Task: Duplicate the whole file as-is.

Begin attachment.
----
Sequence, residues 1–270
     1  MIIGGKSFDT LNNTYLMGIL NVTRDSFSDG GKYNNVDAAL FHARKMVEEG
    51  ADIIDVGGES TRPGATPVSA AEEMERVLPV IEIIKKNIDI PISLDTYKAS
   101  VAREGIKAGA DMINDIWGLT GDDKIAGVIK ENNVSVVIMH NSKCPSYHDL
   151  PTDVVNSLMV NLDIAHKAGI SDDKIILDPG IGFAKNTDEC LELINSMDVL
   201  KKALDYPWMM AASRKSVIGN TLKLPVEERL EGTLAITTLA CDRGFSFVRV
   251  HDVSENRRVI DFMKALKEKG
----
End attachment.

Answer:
Sequence, residues 1–270
     1  MIIGGKSFDT LNNTYLMGIL NVTRDSFSDG GKYNNVDAAL FHARKMVEEG
    51  ADIIDVGGES TRPGATPVSA AEEMERVLPV IEIIKKNIDI PISLDTYKAS
   101  VAREGIKAGA DMINDIWGLT GDDKIAGVIK ENNVSVVIMH NSKCPSYHDL
   151  PTDVVNSLMV NLDIAHKAGI SDDKIILDPG IGFAKNTDEC LELINSMDVL
   201  KKALDYPWMM AASRKSVIGN TLKLPVEERL EGTLAITTLA CDRGFSFVRV
   251  HDVSENRRVI DFMKALKEKG